Be Willing to Scrap Your “Best” Ideas.

It’s easy to become enamored with an idea or concept, something that interests us, or “feels” right—despite the fact that the research might be pointing in a different direction. Sometimes, this comes from a genuine intuitive belief in the idea, other times it’s simply the result of having invested so much time and/or money into a concept that you’re dealing with a type of loss aversion bias[2]. Even after years of doing this type of research, I have to admit this is still a tough one for me, requiring vigilance. I have seen colleagues, whom I otherwise hold in high regard, hold on to ideas regardless of how clear it is that it’s time to move on.  This tendency, to find what we want to find and to structure research to confirm our assumptions, is a always a possibility in user research. And while it can be
mitigated by process and methodology, it still takes a degree of discipline to step back and play devil’s advocate to your best, most fascinating ideas and look at them in the harsh light of the data being presented to you. Ask yourself: am I observing or advocating? Am I only looking at data that supports my assumptions, casting a blind eye to anything that contradicts? It can be a painful process, but if the idea can hold up to objective scrutiny, you might actually be on to something good.

Questions About This Topic?

I’m happy to answer more in-depth questions about this topic or provide further insight into how this approach might work for you in your company. Post a comment or email me at dorothy [at] danforthmedia [dot] com

Danforth-Media-Logo-SmallABOUT DANFORTH MEDIA
Danforth is a design strategy firm offering software product planning, user research, and user centered design (UCD). We provide credible insights and creative solutions that allow our clients to deliver successful, customer-focused products. Danforth specializes in leveraging user experience design (UXD), design strategy, and design research methodologies to optimize complex multi-platform products for the people who use them.

We transform research into smart, enjoyable, and enduring design.


[1] Herbold, Robert. The Fiefdom Syndrome: The Turf Battles That Undermine Careers and Companies – And How to Overcome Them. Garden City, NY: Doubleday Business, 2004.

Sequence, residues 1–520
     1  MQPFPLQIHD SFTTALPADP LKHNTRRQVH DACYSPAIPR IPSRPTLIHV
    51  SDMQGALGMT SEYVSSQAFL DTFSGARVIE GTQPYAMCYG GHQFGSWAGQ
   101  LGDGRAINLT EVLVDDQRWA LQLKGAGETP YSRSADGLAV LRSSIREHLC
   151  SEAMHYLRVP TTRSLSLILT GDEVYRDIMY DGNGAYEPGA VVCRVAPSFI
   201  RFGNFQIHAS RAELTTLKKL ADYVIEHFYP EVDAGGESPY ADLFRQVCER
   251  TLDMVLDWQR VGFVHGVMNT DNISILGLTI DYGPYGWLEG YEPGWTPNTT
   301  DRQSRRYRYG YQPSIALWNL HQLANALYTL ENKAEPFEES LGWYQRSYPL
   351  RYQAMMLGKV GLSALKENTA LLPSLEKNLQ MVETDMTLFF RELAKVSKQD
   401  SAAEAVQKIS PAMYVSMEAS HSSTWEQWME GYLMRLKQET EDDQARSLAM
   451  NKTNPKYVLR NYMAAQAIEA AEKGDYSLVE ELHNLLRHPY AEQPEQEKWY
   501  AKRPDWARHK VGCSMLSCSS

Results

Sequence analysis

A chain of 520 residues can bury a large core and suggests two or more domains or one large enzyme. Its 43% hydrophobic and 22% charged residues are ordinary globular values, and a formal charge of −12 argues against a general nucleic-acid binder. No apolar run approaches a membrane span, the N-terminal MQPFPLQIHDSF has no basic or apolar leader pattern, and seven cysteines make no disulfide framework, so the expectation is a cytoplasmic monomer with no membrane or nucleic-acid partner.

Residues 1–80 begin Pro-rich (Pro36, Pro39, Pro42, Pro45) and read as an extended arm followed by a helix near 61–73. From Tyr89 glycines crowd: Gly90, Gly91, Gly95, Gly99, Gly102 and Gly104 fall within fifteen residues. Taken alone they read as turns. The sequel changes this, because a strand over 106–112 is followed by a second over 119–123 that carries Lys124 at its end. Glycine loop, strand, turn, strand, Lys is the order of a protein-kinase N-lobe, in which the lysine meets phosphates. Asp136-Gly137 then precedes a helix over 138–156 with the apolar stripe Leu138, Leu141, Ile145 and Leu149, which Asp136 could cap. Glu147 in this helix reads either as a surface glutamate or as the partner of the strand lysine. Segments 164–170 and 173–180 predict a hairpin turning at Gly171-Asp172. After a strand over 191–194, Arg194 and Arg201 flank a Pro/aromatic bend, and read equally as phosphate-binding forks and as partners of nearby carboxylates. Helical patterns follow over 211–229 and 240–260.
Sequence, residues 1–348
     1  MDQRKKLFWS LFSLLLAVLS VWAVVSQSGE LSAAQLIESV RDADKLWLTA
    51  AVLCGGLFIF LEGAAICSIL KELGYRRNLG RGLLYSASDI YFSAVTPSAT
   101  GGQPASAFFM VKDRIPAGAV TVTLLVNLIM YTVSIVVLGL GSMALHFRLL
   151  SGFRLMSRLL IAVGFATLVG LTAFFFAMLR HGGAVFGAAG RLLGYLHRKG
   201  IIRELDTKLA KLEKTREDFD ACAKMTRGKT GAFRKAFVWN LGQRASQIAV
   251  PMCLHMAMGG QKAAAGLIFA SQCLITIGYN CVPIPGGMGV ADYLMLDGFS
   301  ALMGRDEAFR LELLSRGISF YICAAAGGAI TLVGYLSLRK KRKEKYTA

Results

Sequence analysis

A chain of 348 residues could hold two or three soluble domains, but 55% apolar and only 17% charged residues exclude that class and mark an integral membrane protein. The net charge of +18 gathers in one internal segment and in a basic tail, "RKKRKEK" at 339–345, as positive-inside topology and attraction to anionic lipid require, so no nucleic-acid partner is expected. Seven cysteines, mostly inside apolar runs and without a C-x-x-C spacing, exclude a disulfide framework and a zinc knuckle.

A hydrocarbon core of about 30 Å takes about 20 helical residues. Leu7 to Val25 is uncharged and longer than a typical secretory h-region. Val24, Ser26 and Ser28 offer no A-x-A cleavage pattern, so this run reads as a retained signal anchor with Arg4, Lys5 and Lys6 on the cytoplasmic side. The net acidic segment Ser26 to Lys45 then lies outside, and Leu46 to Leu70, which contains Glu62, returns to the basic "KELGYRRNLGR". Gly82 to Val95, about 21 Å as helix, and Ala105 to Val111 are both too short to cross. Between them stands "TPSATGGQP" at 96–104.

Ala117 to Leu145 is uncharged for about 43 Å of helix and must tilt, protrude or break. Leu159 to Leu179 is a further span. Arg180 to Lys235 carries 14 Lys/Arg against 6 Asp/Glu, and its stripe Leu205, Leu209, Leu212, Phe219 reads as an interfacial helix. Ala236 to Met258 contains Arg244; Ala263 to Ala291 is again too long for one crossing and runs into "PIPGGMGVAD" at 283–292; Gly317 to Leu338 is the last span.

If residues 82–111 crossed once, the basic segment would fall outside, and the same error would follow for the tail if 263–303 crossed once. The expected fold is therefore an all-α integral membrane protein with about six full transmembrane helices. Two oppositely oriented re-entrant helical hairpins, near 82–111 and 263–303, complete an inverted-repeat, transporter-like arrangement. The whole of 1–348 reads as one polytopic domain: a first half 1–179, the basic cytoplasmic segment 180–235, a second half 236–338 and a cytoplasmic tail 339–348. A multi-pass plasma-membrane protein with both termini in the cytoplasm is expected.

[2] “Loss Aversion Bias is the human tendency to prefer avoiding losses above acquiring gains. Loss aversion was first convincingly demonstrated by Amos Tversky and Daniel Kahneman.” -

User Experience Design Myths

This article attempts to dispel some common myths you may have heard about adopting user research or a user-centered design approach.

We Don’t Need UXD Because…

  • Our users are early adopters, or are our employees…
  • We are just trying to create a technical proof of concept…
  • We work iteratively in an Agile development environment…

Whatever the reason, consider this, there is no demographic that likes a poorly designed product. UXD foundations are arguably the most direct and efficient means to a well designed product. They can be adapted to any type of application or product lifecycle stage. Therefore, while your product may not need a complex UXD process or a specialized UXD team, the basics of user-centric design are always appropriate and will unilaterally result in a better product when appropriately applied.

UXD is Too Expensive

UXD methods can easily be modified to fit your budget. Each research method in this guide can be adapted to be implemented inexpensively and with very meager resources. In fact, an appropriately defined research plan should reduce costs by getting you much closer to what your end users want with far fewer problems post release. Maintenance costs related to unmet or unforeseen user needs can be as high as 80% of the overall development lifecycle costs. (Pressman, 1992) There is good reason why UXD is a growing field within software design; it shows a strong ROI.[1]

UXD Slows Down the Development Cycle

UXD can reduce and simplify the product development process. A common misconception about user-centric design is that it adds to, and slows down the development cycle. And yes, UXD can be incorporated in such a way that it needlessly adds time to the process. However, it does not have to. In fact, as early as 1991, a study found that usability engineering demonstrated reductions in the product development cycle by 33 to 50%. (Bosert, 1991) A well integrated, process-appropriate UXD effort will not only produce a more successful product, but will reduce development time and costs.

UXD is mostly useful for Consumer Products